Editor’s column: This is not a lecture on the importance of supporting local news (but we do appreciate your support)

  • Kevin Robertson, a pressman, walks past rolls of newsprint in the pressroom Friday, Aug. 31, 2018 at the Daily Hampshire Gazette. Each of the rolls is 48 inches wide, 50 inches in diameter and more that 11 miles long. FILE PHOTO

Published: 6/14/2019 9:51:36 AM

I try not to eavesdrop on other people’s conversations, but sometimes … it just happens. Recently, I was at the grocery store standing in the checkout line when I overheard a young girl and her mother talking about the offerings on the newspaper rack a few feet away from us. As I placed items on the conveyor belt, I caught bits and pieces of their conversation about where the Springfield Republican got its name. 

“Mom,” the girl said a couple of minutes later, “do you read The New York Times or the Daily Hampshire Gazette?” My ears perked up. 

“I read The New York Times,” the mother said. 

“Why?” the girl asked. “What’s wrong with the Gazette?”

Now, I wanted desperately to spin around and say, “Nothing — nothing’s ‘wrong’ with the Gazette!” But instead, I placed a carton of eggs on the belt and listened to what the mother had to say. She explained that the Gazette is the local newspaper and that she prefers to read The New York Times because it covers national and world news. 

At this point, I did turn around and introduce myself as the editor of the Gazette. I told the mother, who seemed a bit surprised, that I couldn’t help but overhear their conversation and that it’s so great her daughter is interested. At the Gazette, I said, I’ve been trying to invite more kids to engage with the paper, and lately we’ve been getting lots of letters to the editor from students.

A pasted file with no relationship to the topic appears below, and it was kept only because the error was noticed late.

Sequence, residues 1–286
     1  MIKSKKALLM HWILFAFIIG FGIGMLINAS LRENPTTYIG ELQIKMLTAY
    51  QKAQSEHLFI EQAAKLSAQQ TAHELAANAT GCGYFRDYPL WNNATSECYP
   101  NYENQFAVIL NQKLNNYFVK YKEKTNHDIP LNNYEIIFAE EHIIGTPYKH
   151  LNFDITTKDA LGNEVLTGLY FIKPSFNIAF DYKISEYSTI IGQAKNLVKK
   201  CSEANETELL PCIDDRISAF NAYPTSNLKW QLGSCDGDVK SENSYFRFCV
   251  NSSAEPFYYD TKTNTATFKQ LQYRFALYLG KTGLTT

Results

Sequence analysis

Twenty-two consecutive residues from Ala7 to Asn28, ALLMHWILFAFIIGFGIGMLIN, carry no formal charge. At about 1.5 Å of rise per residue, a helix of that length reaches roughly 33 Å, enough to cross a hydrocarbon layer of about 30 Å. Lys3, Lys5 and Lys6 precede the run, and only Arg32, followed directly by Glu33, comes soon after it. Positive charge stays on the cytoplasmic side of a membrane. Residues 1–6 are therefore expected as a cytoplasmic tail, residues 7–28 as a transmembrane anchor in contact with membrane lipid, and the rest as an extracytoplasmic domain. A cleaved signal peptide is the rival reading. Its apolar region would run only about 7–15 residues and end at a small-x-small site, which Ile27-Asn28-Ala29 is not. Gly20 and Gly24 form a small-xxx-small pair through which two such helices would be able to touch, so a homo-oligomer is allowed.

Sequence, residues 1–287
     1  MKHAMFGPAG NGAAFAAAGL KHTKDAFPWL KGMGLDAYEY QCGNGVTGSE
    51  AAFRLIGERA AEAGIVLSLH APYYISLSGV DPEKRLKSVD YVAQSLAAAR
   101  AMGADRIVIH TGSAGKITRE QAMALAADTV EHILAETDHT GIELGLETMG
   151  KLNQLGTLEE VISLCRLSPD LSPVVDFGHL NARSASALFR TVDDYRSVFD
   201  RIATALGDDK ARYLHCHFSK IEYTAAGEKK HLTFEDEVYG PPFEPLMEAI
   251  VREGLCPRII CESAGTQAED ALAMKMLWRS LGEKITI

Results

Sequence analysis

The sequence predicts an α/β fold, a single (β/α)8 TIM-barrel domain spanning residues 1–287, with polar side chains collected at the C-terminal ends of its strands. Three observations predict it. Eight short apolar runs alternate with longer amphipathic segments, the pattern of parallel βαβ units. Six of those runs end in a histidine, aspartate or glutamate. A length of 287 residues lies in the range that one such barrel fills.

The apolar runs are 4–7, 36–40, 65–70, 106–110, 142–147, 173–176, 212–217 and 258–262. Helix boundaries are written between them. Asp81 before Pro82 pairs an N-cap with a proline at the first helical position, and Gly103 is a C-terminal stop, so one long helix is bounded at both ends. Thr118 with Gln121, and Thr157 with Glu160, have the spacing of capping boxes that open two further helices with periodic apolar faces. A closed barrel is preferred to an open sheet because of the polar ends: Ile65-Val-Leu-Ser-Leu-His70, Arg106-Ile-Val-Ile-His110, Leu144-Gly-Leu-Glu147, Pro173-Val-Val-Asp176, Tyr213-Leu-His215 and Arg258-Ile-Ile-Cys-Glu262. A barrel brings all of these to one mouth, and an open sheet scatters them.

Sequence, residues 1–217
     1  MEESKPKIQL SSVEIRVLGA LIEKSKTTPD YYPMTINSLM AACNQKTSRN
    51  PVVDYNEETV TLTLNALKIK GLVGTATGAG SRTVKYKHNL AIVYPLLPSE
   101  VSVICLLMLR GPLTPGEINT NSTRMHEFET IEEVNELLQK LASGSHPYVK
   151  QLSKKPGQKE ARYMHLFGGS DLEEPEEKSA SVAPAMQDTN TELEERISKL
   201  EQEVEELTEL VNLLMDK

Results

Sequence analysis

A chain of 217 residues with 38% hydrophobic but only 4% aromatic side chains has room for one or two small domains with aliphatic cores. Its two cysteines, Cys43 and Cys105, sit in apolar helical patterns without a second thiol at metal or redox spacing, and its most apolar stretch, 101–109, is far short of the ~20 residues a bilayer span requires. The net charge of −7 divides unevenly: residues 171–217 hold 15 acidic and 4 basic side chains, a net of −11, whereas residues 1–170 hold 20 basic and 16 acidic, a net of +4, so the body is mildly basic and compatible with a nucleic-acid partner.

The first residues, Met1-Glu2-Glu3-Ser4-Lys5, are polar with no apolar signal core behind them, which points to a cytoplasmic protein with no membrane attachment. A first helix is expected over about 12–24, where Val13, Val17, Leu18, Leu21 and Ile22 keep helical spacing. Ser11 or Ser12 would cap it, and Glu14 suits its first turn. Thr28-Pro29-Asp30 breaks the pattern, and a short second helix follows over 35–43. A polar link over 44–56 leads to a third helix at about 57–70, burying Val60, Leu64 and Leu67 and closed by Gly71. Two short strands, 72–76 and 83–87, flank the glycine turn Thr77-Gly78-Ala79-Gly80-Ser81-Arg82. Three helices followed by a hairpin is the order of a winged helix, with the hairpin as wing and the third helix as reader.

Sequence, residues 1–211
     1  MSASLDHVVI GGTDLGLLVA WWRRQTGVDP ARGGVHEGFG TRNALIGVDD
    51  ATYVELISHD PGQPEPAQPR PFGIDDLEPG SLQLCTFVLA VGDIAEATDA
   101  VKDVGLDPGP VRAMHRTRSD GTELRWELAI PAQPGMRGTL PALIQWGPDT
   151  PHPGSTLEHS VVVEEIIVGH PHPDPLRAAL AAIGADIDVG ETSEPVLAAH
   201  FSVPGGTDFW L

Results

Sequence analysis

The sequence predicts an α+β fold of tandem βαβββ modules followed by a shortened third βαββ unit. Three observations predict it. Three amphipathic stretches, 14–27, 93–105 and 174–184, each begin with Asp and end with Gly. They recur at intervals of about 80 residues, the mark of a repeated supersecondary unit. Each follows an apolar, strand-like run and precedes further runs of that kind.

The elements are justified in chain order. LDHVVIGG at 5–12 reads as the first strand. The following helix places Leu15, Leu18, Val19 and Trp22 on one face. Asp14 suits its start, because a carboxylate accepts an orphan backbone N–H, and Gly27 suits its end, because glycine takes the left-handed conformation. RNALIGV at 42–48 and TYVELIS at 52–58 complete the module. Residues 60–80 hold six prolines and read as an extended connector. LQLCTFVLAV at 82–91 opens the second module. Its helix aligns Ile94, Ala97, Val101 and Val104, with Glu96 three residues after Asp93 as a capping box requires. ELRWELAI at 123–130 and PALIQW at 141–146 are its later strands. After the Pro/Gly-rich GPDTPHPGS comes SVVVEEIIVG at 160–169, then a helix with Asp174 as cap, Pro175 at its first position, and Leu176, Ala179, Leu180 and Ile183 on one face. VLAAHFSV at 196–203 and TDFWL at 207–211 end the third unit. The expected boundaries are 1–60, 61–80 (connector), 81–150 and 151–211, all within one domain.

The mom suggested that maybe the Gazette should have a kids’ section. “We do, actually,” I said, “every Wednesday.”*

Don’t worry, I saved her the spiel about how she should really subscribe because local news is so important and it’s such a hard time for small-town newspapers, etc. You don’t win new subscribers by lecturing them. (On the contrary, as local media maven Michael Kusek shared: “A magazine publisher once said to me, ‘Every subscription is obtained by asking on bended knee.’”) 

But driving home, my mind kept wandering back to the mother’s explanation that she doesn’t read the Gazette because she reads The New York Times instead. Why not both? We live in an area that puts great value on “buying local,” from supporting our local farms to our local bookstores, yet too often local news gets lost in this movement.  

When I first started working at the Gazette in the summer of 2017, I would put friends on the spot and ask if they subscribed. The answer among people my age (I’m 40) was almost always no, followed by a sheepish “I would, but I already subscribe to … ” It’s a comment I’ve come to expect: Usually, this sentence ends with The New York Times, The Boston Globe or The Washington Post. And as happy as I am that these big newspapers are booming — here at the Gazette, we subscribe to them, too, as well as to the Associated Press and other wire services for state, national and world news — they are no substitute for a local newspaper.